In the September 11 trials at Guantanamo the judge has thrown a monkey wrench into prosecution plans by refusing to allow post CIA torture FBI interrogations to be used in court.
The judge in the death-penalty trial of those accused of carrying out the Sept. 11, 2001, terror attacks in the U.S. has ruled that prosecutors may not use key FBI interrogations conducted at the Guantánamo detention center soon after years of CIA black site abuse ended.

Under the war court system, confessions must be voluntary. So prosecutors had already pledged not to use what the captives told their CIA interrogators during their years of secret spy agency custody that included torture. Instead, as a substitute, prosecutors had planned to have FBI agents describe what the suspects told them soon after their September 2006 transfers to Guantánamo in supposedly consensual interviews.

But the judge, Army Col. James L. Pohl, excluded the FBI interviews, known as “clean team statements,” from trial in a 36-page ruling.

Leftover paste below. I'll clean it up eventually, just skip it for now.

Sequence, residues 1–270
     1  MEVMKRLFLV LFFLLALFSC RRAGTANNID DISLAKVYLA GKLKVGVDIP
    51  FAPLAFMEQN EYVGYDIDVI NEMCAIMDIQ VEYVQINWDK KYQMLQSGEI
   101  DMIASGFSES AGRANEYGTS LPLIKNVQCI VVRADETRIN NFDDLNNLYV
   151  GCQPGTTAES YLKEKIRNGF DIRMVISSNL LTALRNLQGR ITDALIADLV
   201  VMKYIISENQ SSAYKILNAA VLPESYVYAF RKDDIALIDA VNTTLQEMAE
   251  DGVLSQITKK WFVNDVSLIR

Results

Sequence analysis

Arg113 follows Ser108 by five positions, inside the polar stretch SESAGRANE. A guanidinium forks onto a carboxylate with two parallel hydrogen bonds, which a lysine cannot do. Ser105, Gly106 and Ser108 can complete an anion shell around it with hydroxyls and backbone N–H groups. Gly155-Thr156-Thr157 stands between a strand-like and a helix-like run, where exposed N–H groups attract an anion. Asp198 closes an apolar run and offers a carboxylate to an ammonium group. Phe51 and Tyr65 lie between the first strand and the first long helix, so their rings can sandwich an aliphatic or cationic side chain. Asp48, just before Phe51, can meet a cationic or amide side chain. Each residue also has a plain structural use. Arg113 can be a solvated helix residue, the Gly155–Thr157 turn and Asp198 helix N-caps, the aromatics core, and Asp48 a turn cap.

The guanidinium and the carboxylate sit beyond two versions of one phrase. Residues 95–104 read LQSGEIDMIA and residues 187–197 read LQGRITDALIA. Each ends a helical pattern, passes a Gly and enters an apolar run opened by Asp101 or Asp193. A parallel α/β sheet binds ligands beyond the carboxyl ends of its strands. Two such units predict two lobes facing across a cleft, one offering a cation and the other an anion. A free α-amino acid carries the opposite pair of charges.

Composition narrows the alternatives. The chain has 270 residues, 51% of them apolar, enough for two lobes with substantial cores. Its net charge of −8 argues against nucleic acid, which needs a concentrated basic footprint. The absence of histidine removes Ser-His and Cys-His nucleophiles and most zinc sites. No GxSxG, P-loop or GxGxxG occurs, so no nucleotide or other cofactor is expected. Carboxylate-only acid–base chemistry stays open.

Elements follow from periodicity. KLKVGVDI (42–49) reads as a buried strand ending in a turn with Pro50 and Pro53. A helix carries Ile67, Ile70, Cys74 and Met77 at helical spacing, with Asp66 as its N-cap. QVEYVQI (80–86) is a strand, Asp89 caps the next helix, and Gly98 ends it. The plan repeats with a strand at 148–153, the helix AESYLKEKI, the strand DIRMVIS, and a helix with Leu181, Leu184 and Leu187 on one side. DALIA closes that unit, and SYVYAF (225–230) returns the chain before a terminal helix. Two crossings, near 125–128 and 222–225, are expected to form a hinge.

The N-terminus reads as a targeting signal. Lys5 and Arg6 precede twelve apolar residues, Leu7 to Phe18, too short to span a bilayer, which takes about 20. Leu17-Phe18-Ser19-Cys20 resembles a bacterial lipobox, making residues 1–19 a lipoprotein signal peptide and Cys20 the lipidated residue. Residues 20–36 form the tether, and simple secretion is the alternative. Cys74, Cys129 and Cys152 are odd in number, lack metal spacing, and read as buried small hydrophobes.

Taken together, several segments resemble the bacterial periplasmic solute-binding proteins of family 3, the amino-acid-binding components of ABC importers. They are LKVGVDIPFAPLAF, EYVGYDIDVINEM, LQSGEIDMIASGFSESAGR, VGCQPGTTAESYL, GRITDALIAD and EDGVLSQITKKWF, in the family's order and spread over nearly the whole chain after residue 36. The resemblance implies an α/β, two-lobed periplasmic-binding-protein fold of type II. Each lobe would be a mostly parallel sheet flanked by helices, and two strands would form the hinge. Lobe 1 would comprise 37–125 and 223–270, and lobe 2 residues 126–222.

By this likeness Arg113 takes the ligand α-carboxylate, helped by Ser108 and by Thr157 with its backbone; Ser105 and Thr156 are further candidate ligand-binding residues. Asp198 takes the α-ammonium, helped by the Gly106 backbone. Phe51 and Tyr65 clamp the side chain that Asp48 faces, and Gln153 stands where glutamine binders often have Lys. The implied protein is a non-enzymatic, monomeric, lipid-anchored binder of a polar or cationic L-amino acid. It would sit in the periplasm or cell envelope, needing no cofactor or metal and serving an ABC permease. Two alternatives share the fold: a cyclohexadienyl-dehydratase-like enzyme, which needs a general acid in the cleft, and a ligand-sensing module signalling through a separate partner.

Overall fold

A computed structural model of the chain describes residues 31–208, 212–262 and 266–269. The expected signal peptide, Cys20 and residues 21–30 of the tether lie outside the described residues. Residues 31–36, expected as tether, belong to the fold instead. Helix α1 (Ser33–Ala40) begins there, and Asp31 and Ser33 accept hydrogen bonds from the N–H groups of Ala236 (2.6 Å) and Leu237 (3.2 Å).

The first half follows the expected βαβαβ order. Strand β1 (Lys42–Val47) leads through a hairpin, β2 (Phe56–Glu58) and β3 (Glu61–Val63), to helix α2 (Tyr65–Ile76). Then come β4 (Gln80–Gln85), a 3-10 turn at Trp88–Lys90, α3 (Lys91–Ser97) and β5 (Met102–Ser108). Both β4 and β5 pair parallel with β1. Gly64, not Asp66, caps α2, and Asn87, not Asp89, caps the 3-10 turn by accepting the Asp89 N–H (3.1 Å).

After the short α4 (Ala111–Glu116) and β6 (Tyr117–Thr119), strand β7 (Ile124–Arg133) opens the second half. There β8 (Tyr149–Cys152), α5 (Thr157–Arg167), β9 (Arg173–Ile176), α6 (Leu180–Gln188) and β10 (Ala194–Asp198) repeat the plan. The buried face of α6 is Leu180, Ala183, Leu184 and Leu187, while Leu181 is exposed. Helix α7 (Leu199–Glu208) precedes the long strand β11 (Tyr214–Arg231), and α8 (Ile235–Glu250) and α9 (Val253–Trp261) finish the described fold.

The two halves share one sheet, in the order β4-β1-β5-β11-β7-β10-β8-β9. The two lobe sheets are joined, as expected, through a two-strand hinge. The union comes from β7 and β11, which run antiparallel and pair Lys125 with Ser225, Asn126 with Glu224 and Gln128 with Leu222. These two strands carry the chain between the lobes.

“Protective Order #4 will not allow the defense to develop the particularity and nuance necessary to present a rich and vivid account of the 3-4 year period in CIA custody the defense alleges constituted coercion,” Pohl wrote in the ruling issued Friday and obtained by McClatchy.

“In order to provide the defense with substantially the same ability to make a defense as would discovery of or access to the specific classified information, the government will not be permitted introduce any FBI Clean Team Statement from any of the accused for any purpose.”